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Coastal Consolidation 

A new state agency has Louisiana rethinking its approach to coastal affairs and Gov. Bobby Jindal searching for an experienced director

Now that Gov. Bobby Jindal has decided who will be his next executive counsel, he can begin focusing more intently on hiring a director for his newest agency. While legislators were fretting over reductions to state government in the opening salvo of bureaucratic consolidations, Jindal was quietly overseeing the reorganization of coastal-related sections in four departments via House Bill 833.

  The legislation recently signed by the governor merges them into the new Office of Coastal Protection and Restoration, which falls under Jindal's executive branch. Garret Graves, the governor's director of coastal affairs, says there's practically no increased cost to state government because existing resources were merely reallocated.

  The new office pulls from the departments of Wildlife and Fisheries, Natural Resources, Environmental Quality, and Transportation and Development. Graves says the office could grow next year, because the governor's team may add parts of the Department of Social Services, which plays a key role in hurricane evacuations.

  For now, there are more practical matters to look after. Graves says a national search for a salaried executive director is already under way; officials are seeking someone with extensive engineering experience and firsthand dealings with the U.S. Army Corps of Engineers. "We are in the process of interviewing folks right now," he says. "We hope to have the position filled by next month."

  At the Division of Administration, staffers are hard at work making room in the 2010-11 budget, which will feature a brand-new line item for the Office of Coastal Protection and Restoration, arguably the first state agency of its kind in the nation. Administrative costs are expected to be less than 1 percent of the office's total budget, and more than 98 percent of the agency's coastal-related work will be contracted out to the private sector.

  The real power, though, remains with the Coastal Protection and Restoration Authority. The CPRA was formed in the wake of Hurricanes Katrina and Rita in 2005 and has become the state's guiding force on coastal issues. The new agency will carry out the CPRA's policies and directives.

  The legislation, authored by House Natural Resources Chairman Gordon Dove, R-Houma, also makes the CPRA the nonfederal partner on most major projects. Now Graves, the CPRA's chairman, can negotiate contract terms directly with the feds on behalf of the state's entire coastline.

  Dove's bill deliberately uses the word "integrated" in key provisions. He says the intent is to have the state look at hurricane protection, coastal restoration and flood control all at once when it tackles coastal challenges. Specifically, the bill calls for the following to be included in all comprehensive plans, if applicable: coastal restoration, coastal protection, infrastructure, storm damage reduction, flood control, water resources development, erosion control measures, marsh management, diversions, saltwater intrusion prevention, central wetlands, conservation, enhancement, mitigation, storm surge reduction and beneficial use projects. Elsewhere in the new law, language emphasizes a new focus on marshes, cheniers, ridges and coastal forests.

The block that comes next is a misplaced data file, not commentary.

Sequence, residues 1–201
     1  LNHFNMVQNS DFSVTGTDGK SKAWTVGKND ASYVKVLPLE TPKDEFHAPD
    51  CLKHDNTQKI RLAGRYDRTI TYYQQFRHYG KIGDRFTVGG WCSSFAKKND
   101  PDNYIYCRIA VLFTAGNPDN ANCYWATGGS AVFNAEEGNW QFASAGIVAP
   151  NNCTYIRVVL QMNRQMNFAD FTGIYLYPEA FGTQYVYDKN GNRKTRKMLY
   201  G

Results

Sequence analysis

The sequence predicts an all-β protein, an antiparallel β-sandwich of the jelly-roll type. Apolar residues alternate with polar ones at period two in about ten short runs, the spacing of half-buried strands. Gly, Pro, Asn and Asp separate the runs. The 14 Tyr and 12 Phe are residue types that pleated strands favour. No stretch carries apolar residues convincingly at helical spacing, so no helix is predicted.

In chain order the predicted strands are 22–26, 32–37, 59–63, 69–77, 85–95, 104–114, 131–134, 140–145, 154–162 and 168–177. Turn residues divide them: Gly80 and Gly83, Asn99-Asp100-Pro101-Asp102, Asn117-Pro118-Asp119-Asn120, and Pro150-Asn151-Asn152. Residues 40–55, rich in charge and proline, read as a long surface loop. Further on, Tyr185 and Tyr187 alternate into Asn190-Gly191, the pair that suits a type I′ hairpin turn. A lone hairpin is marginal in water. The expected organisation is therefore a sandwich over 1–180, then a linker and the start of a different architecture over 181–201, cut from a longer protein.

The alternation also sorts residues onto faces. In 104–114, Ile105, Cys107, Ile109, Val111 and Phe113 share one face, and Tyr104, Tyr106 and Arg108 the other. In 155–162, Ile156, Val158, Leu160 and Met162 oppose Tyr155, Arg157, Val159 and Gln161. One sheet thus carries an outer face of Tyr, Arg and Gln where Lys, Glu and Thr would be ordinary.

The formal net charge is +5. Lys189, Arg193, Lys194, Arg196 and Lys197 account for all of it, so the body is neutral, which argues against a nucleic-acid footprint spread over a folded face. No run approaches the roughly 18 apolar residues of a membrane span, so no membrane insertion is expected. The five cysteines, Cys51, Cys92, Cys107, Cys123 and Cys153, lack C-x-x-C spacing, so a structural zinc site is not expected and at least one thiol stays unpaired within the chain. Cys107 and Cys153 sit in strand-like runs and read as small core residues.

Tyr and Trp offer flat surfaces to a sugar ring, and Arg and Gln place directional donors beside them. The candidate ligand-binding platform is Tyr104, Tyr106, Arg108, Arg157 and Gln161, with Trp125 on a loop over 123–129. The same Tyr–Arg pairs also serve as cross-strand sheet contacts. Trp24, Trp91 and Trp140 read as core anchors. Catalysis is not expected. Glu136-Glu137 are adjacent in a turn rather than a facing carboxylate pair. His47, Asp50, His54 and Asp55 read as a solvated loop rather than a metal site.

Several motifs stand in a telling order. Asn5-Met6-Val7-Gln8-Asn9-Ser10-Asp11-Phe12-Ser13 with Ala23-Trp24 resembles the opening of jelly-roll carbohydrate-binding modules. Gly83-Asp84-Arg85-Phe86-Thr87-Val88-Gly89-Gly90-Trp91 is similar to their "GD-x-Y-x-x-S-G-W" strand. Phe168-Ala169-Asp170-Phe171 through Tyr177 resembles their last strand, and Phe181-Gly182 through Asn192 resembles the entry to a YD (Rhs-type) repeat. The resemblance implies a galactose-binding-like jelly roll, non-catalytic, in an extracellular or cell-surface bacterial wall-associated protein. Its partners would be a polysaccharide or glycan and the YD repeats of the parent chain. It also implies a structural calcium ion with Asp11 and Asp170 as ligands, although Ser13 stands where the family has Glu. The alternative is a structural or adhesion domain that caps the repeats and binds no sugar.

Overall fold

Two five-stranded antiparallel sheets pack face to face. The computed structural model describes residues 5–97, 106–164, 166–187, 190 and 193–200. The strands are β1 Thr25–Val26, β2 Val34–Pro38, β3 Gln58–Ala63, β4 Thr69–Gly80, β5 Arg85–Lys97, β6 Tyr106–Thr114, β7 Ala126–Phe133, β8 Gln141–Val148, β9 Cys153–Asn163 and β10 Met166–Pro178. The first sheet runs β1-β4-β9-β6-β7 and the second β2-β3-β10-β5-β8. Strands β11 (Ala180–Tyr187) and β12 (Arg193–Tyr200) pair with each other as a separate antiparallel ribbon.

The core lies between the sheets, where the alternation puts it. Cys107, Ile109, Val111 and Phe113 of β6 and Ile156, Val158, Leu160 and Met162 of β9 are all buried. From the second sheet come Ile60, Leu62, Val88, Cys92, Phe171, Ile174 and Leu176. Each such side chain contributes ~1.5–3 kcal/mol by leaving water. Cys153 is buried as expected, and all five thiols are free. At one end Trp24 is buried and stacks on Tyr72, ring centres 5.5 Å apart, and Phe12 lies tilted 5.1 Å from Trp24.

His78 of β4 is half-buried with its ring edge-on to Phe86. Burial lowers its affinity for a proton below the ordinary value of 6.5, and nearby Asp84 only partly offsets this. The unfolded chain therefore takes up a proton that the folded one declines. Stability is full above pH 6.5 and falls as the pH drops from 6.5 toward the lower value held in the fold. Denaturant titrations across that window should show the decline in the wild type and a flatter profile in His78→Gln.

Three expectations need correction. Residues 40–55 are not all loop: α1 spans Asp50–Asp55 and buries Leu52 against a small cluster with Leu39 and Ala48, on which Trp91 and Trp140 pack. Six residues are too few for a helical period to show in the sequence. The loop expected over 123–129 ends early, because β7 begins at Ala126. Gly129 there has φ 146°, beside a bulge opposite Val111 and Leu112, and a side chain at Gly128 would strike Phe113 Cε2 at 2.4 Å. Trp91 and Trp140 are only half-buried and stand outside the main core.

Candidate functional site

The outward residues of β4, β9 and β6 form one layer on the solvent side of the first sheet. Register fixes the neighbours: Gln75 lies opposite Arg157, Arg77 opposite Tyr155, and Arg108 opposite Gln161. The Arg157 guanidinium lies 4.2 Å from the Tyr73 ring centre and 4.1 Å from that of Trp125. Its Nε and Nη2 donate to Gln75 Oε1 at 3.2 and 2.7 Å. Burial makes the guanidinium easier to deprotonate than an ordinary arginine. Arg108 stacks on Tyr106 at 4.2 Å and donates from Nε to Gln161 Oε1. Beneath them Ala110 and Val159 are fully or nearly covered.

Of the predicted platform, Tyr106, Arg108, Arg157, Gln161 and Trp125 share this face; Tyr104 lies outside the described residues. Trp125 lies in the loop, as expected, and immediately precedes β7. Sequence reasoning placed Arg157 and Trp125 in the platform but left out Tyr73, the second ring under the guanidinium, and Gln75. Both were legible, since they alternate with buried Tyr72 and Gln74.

Several provisions in the new law will impact the way levee boards in the New Orleans region conduct business. For instance, if a major project requires mitigation — i.e., land that must be built to replace the land lost during construction — the law allows levee boards to use land already owned by the Department of Wildlife and Fisheries, such as those found in wildlife management areas. "That could save millions of dollars on large-scale projects," says Dove.

  The consolidation also takes into account flood-control issues, which has prompted some north Louisiana lawmakers to push for the CPRA's scope to extend beyond the coastal zone. To be certain, legislators know that $100 billion or more will be needed to repair the coastline, and the number of federal funding sources available is dizzying. Close to $15 billion is about to come in for levees; the latest energy bill in Congress has around $30 million set aside for Louisiana's coastal master plan; and future oil revenues will bring tens of billions of dollars to the state in coming decades.

  All of that loot is another reason the state needed to step up its coastal efforts, says Steven Peyronnin, executive director of the Coalition to Restore Coastal Louisiana, a Baton Rouge nonprofit that sprouted after the 2005 hurricane season. As dozens of projects break ground and billions of taxpayer dollars flow into the state, a concerted approach will be needed to make sure Louisiana doesn't screw the pooch this time. Jindal's new agency is one step in the right direction.

  "This is something that had to be done to increase efficiency," Peyronnin says. "It's the next step in the process."

Jeremy Alford can be reached at


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